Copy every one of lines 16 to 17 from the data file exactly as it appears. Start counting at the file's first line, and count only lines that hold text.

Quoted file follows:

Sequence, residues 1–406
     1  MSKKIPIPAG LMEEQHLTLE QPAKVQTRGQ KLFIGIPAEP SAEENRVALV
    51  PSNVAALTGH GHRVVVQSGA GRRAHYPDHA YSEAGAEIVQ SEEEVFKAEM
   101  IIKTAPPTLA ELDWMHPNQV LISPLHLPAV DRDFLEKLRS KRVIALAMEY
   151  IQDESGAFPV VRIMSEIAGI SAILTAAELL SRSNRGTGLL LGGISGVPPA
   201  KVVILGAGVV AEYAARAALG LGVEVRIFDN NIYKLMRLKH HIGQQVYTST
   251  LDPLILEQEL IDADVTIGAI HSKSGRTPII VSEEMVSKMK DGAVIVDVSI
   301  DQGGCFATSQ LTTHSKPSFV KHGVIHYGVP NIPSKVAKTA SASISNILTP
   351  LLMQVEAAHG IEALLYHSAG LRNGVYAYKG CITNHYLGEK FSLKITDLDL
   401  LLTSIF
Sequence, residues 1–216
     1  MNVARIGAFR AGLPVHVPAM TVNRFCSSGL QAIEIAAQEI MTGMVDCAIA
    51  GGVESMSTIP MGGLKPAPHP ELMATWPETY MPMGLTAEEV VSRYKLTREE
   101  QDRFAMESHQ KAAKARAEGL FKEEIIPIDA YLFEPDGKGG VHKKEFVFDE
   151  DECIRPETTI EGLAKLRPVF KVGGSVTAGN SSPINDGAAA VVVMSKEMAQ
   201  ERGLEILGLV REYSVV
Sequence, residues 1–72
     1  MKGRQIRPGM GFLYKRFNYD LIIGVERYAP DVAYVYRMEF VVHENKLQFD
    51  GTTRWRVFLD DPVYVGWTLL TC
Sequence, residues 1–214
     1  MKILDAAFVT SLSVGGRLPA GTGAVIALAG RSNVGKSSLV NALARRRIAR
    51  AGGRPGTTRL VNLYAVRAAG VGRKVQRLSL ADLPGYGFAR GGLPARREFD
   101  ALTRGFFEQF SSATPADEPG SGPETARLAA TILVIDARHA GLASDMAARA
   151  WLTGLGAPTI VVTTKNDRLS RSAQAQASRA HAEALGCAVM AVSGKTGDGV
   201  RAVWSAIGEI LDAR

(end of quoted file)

   201  ERGLEILGLV REYSVV
Sequence, residues 1–72